(NC)–This year, Canadians have new options to help them save money and keep a few more dollars out of the tax man?s pocket.
The new Tax-Free Savings Account lets Canadians deposit $5,000 per year and earn tax-free interest. It?s a great new way to save, and works well in combination with some more traditional options, such as RRSPs.
According to Statistics Canada, one-third of eligible Canadians contribute to RRSPs. While many might seek accountant advice on how much to contribute, more and more Canadians are using a RRSP optimizer tool found in tax software, such as QuickTax, to calculate the best contribution amount or to test a few ?what if?? contribution scenarios and pick the one that delivers the maximum return. QuickTax software carries forward data from last tax season and includes any remaining RRSP space when it calculates your optimal contribution.
Given the current economic climate, many Canadians might be considering cutting back on their contributions. But before making a decision that can hurt your overall income tax return, it?s important to know there are other options, such as borrowing to top up your RRSP and paying down the loan with your tax return. Just remember that interest paid on these loans is not tax deductible.
Another option is to transfer ?qualified investments? from an investment to an RRSP account, and receive a tax receipt for the contribution. Keep in mind that if your investment has dropped in value below what you paid for it, you can?t claim the loss once it is transferred into an RRSP.
Does your company match RRSP contributions? If your company offers this perk, don?t miss out on this type of extra saving.
Once all is said and done and you?ve filed your return, you want to be sure you don?t get a knock on the door from the tax man. Winning the tax audit lottery is inconvenient, even when all your decimal places are where they should be, as it means taking the time to collect a year?s worth of tax records to have them scrutinized.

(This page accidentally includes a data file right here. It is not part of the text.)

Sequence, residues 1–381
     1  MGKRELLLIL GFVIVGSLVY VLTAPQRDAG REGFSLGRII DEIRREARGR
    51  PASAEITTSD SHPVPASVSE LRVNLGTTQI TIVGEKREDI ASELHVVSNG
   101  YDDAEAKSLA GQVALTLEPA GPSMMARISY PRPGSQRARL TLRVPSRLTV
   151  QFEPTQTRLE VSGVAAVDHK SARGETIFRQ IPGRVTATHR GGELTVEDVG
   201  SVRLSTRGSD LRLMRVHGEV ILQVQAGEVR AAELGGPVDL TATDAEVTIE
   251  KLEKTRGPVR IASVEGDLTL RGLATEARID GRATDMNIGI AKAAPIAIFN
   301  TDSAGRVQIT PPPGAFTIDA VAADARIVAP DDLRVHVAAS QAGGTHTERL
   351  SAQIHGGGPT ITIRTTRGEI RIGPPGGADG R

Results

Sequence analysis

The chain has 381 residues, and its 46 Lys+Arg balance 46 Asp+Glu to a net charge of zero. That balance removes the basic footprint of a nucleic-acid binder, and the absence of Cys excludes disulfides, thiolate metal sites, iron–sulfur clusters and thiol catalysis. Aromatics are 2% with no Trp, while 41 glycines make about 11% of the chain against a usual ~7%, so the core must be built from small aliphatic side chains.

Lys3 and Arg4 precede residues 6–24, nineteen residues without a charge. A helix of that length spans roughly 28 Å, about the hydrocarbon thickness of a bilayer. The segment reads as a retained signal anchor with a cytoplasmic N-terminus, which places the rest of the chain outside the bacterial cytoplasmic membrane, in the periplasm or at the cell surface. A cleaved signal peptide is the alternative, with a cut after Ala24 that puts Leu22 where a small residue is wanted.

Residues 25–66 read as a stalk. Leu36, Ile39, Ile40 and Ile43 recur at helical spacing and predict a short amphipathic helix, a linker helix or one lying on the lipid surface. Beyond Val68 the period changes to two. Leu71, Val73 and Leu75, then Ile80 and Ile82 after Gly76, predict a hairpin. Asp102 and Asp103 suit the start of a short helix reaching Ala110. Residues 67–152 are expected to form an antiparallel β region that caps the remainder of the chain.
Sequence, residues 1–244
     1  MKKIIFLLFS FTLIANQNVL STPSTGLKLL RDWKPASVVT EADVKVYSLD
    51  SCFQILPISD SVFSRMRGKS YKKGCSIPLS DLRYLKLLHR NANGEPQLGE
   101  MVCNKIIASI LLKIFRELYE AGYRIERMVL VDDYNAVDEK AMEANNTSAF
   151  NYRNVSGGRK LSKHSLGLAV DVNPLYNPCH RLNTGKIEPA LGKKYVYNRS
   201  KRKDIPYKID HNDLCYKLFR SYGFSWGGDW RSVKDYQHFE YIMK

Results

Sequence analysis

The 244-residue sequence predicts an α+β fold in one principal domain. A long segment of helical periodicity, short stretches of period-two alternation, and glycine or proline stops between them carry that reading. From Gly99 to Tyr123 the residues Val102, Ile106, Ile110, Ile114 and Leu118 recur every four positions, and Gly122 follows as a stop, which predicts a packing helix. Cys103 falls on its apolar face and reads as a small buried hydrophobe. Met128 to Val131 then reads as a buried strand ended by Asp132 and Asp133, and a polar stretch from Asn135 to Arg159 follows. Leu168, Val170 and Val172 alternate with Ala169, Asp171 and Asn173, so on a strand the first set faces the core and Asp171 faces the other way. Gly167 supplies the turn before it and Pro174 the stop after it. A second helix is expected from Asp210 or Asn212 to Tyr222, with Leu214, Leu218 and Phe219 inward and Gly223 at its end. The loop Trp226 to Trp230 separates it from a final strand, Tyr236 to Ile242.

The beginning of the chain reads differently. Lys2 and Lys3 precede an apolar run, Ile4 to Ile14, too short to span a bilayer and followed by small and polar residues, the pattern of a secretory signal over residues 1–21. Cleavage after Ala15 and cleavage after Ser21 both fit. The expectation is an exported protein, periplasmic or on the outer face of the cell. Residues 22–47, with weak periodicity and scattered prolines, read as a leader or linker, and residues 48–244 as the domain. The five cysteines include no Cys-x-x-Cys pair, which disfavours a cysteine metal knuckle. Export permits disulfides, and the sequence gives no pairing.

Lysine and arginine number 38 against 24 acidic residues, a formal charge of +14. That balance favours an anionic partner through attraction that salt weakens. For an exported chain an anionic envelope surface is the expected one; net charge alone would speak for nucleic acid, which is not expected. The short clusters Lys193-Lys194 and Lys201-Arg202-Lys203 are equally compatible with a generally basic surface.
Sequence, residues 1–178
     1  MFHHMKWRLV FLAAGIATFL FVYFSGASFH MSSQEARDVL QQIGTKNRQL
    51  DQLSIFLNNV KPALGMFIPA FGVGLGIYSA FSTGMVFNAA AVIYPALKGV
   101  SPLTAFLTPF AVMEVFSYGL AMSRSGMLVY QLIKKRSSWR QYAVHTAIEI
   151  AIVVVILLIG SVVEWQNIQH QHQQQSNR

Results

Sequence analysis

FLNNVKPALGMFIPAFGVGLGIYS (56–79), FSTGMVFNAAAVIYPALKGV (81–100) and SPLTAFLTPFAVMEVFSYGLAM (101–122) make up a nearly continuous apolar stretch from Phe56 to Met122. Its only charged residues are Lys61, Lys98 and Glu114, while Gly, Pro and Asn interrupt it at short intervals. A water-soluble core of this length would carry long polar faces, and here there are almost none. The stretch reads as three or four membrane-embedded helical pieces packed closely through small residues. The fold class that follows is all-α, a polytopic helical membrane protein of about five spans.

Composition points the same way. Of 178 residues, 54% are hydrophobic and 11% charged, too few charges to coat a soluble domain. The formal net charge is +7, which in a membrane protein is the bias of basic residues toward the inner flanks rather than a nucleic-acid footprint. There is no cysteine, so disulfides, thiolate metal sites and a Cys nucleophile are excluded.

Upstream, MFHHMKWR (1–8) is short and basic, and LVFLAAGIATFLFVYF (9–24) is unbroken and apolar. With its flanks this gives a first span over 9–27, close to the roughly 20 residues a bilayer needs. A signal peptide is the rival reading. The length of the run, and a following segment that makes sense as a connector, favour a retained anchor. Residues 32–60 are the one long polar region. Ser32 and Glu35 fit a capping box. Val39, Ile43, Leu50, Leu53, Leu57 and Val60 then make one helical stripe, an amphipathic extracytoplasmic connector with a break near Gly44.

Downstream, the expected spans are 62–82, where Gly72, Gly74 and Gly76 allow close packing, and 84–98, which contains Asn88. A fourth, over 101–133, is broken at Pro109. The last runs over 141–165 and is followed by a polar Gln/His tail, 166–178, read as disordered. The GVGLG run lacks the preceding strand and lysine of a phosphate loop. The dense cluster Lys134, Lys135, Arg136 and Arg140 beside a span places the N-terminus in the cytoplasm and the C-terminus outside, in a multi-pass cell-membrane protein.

Some tax prep services offer a guarantee on their number crunching, and now QuickTax users can buy an ?Audit Defence? option, which goes beyond the usual software calculation guarantees. It essentially buys peace of mind: should you be audited, you?ll be represented by a tax professional who will handle your dealings with the CRA.
More information on how to get the most from your RRSP contribution is available online at www.quicktax.com.
– News Canada
Seniors can trust NETFILE for secure tax filing
Seniors who may be worried about whether online tax filing is secure can rest assured. NETFILE, the Canada Revenue Agency?s (CRA) online tax filing system, has taken steps to provide several layers of protection that make the process safe and secure.
For example, before you can even begin to file your income tax online, you have to enter your personal four-digit access code. You can find it on the information sheet of your T1 personal income tax return package. Your access code, along with your social insurance number (SIN) and date of birth, become your electronic signature. Remember, though, Internet security is a two-way street. Keep your access code a secret, always close your computer after working on your return, and never send your access code or your SIN by email to anyone.
The CRA ensures that your personal and financial information is transmitted in an encrypted format between your computer and its Web servers. This ensures that computer hackers and other Internet users cannot alter or view data being transmitted. The CRA uses sophisticated security techniques to protect its Web site. State-of-the-art encryption technology and security procedures protect your personal information at all times.
NETFILE could be the way to go for seniors who want to save time and money, and get their refunds faster. You can find all the information you need at www.netfile.gc.ca.